Let­ter­man: The Last Gi­ant of Late Night by Ja­son Zi­no­man

Montreal Times - - News - By Stu­art Nul­man mtl­times.ca

(Harper, $35.99) avid Let­ter­man “Top 10 List” and “Viewer at best, can be Mail”, and mak­ing stars de­scribed as an out of the most or­di­nary “anti-talk show and un­likely peo­ple, such host”. For more than 30 as book pub­li­cist Meg Par­sont, years on the late night TV hack ac­tor Larry talk show cir­cuit, Let­ter­man’s “Bud” Mel­man and even two talk shows Dave’s mom. broke all the con­ven­tions As New York Times that are usu­ally as­so­ci­ated critic Ja­son Zi­no­man with a late night talk writes in his prob­ing bi­og­ra­phy show, took the el­e­ments Let­ter­man:The Last of what “Tonight Show” Gi­ant of Late Night: “Late hosts Steve Allen, Jack Night ap­pealed to the Paar and Johnny Car­son same voyeuris­tic plea­sures re­spec­tively brought to that would soon be the show – el­e­ments that ex­ploited by the re­al­ity in­flu­enced Let­ter­man – show genre. It had its own and cre­ated a show that con­trived nar­ra­tive that he tai­lored to his ironic, its fans fol­lowed closely, un­con­ven­tional style of and af­ter a decade of hu­mour. The end re­sult peel­ing back the ar­ti­fice of was a show that had a his show, Let­ter­man in­vited grow­ing cult fol­low­ing, you to see him as thanks to seg­ments like the pro­tag­o­nist of his own “Stupid Pet Tricks”, the drama. … You might say

Dthat Late Night with David Let­ter­man be­came what hap­pened when one talk show host stopped be­ing po­lite and started get­ting real.”

Zi­no­man traces the life and ca­reer of David Let­ter­man with a great deal of thor­ough­ness, as he speaks with many of his for­mer writ­ers, pro­duc­ers and staffers to get a por­trait of an in­di­vid­ual who carved out a bril­liant ca­reer on tele­vi­sion be­cause he con­stantly went for the un­con­ven­tional and proved to be a breath of fresh air as a re­sult, yet off the air, he was a walk­ing bundle of in­se­cu­rity, self doubt and self loathing.

From his abortive morn­ing talk show on NBC dur­ing the sum­mer of 1980 (which I watched and mar­veled at dur­ing his very short run on the net­work’s day­time line-up), to the grow­ing pains of “Late Night”, to su­per­star­dom on “The Late Show”, the book deals with the evo­lu­tion of an un­con­ven­tional, one of a kind TV per­son­al­ity who wanted to be like Johnny Car­son with­out ex­actly be­ing Car­son.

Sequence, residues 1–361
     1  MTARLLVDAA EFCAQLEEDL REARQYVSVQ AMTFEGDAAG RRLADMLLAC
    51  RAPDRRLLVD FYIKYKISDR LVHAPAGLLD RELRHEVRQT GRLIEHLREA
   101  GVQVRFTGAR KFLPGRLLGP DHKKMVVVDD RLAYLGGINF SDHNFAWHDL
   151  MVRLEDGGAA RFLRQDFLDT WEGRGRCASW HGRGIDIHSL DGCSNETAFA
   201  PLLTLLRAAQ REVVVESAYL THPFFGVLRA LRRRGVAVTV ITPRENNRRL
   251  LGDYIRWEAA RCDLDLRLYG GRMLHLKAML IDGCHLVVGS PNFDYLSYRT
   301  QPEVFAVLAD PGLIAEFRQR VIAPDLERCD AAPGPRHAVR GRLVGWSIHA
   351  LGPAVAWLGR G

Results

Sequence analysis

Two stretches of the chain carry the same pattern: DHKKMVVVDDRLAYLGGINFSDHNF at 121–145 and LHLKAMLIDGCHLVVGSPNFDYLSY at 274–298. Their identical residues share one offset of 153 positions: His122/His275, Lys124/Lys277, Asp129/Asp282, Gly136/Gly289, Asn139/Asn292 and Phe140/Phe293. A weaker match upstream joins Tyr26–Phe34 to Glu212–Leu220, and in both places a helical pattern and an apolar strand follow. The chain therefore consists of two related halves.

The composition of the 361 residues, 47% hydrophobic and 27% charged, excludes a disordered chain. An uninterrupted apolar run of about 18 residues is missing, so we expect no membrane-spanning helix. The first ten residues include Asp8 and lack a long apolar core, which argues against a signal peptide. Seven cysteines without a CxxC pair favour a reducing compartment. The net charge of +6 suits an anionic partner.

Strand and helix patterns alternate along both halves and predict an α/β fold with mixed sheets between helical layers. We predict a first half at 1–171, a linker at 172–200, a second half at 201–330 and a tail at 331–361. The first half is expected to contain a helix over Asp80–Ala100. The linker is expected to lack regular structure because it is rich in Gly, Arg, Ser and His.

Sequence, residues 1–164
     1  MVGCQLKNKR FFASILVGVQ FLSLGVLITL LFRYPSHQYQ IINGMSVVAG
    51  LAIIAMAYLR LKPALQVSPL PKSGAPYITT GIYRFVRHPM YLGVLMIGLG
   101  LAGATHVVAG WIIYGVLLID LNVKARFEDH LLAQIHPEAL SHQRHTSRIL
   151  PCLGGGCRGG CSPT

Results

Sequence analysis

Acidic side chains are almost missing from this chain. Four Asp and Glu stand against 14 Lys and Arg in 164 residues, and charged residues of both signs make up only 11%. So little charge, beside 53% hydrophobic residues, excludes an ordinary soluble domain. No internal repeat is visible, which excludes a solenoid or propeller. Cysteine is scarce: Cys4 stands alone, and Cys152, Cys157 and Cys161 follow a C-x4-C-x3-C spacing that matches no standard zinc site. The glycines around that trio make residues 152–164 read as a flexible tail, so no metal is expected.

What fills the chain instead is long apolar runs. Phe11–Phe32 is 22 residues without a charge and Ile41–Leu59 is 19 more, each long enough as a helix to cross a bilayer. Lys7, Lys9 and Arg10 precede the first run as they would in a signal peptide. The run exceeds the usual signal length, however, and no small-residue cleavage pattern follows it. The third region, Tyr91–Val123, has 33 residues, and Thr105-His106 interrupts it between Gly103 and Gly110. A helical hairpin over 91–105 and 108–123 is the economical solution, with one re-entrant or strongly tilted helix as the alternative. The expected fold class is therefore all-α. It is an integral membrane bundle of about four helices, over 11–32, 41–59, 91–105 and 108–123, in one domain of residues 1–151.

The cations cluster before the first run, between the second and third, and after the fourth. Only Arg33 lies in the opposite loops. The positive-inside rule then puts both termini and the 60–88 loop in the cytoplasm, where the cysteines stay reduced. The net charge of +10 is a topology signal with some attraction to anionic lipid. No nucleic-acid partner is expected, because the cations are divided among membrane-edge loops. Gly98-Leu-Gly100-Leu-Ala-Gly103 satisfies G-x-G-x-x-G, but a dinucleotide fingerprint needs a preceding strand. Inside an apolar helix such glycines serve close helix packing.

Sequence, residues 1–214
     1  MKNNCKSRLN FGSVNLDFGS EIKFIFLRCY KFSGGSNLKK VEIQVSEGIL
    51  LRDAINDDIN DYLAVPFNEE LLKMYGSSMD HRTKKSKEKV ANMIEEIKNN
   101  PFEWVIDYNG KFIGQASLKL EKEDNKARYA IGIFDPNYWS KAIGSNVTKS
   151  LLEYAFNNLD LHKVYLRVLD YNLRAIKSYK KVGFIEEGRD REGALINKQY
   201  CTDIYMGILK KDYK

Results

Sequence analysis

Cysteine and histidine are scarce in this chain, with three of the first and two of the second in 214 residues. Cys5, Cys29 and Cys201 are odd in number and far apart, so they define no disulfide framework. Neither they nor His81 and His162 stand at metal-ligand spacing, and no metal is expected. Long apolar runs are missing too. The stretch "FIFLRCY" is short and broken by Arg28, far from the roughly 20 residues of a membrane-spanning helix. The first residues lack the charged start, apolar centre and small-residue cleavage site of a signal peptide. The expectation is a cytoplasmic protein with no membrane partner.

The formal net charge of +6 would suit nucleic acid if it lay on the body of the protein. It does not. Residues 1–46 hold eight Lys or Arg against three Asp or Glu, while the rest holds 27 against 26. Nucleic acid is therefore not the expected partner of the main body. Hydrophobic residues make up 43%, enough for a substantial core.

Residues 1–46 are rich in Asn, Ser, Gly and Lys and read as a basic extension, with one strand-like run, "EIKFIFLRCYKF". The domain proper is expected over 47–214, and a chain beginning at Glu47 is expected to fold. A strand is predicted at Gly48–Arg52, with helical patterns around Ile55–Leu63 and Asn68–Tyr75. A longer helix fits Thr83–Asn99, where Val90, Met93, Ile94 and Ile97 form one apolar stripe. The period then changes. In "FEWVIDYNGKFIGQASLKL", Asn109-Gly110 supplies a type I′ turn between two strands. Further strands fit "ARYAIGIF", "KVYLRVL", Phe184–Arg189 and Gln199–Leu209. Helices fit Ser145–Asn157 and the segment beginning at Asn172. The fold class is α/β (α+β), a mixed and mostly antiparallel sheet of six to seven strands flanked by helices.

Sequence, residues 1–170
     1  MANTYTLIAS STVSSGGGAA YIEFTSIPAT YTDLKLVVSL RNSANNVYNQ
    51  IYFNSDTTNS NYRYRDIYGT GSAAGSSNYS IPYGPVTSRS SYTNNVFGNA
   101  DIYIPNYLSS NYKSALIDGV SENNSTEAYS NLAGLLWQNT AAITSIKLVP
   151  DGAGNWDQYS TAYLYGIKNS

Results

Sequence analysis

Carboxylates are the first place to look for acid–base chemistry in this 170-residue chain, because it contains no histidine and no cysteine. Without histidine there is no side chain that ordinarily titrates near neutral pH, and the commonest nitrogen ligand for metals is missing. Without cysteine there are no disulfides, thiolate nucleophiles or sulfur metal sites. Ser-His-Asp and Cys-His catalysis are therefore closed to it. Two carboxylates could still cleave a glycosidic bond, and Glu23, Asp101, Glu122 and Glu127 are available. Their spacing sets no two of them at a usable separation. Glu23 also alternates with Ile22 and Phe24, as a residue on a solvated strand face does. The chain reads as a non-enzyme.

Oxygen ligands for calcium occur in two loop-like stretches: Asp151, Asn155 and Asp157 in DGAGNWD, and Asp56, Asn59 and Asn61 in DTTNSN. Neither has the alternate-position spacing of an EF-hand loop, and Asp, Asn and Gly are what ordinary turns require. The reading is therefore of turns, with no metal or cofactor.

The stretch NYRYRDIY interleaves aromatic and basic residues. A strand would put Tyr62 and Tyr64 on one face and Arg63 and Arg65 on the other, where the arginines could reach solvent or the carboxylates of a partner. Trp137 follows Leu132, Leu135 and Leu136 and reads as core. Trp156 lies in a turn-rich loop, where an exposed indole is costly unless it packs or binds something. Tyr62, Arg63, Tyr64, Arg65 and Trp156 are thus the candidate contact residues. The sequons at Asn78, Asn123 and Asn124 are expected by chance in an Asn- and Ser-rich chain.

If there is one un­sung hero who is to be her­alded in this book as to be­ing the one who molded David Let­ter­man into the cult fig­ure that he is re­garded as to­day, and that is Mer­rill Markoe.The tal­ented com­edy writer and author – who was also Let­ter­man’s long­time girl­friend through­out the 1980s – helped to cre­ate the reg­u­lar seg­ments that made “Late Night with David Let­ter­man” such a pop­u­lar show with view­ers who wanted a break from the con­ven­tional for­mat that “The Tonight Show with Johnny Car­son” reg­u­larly of­fered (and earned Let­ter­man a num­ber of Emmy Awards).

Ba­si­cally, those early, rev­o­lu­tion­ary years on NBC helped to ce­ment Let­ter­man’s rep­u­ta­tion as a late night talk show gi­ant. How­ever, as a re­sult of his bit­ter bat­tle with Jay Leno over who would suc­ceed Car­son as “Tonight Show” host, not to men­tion the in­flux of younger hosts like Jimmy Kim­mel, Jimmy Fal­lon and Co­nan O’Brien, Let­ter­man’s feel­ings of self loathing grew even deeper, as he be­gan to rely on his writ­ing staff on a di­min­ish­ing ba­sis (which re­sulted in many of those writ­ers de­fect­ing to the writ­ing staffs of hit TV sit­coms or com­pet­ing talk shows), pre­fer­ring more celebrity in­ter­views or his in­creas­ing abil­i­ties as a sto­ry­teller. By the time his show went off the air in 2015, Let­ter­man be­came more in­tro­verted, es­chewed re­hearsals and ba­si­cally sleep­walked through the mo­tions as host. Even the work at­mos­phere at the pro­duc­tion of­fice was toxic, with his re­main­ing writ­ers and staffers sub­jected to lengthy post-mortem meet­ings fol­low­ing show tap­ings, in which Let­ter­man just ram­bled on for hours with lengthy mono­logues about his life and in­se­cu­ri­ties.

Th­ese days, Let­ter­man is more or less liv­ing a com­fort­able, her­mit-like ex­is­tence with his wife and son, and is un­rec­og­niz­able with the large, philoso­pher-style beard he has grown since his de­par­ture from the air­waves (al­though he has re­cently broke his si­lence, with his lim­ited en­gage­ment as guest co-host on Turner Clas­sic Movies’ (TCM) weekly pro­gram “The Es­sen­tials”).

Let­ter­man: The Last Gi­ant of Late Night is an ab­sorb­ing study of a rather enig­matic TV per­son­al­ity who be­came an iconic fig­ure be­cause he set new, rev­o­lu­tion­ary stan­dards of how the late night TV talk show should be done … yet he hated ev­ery minute of it!

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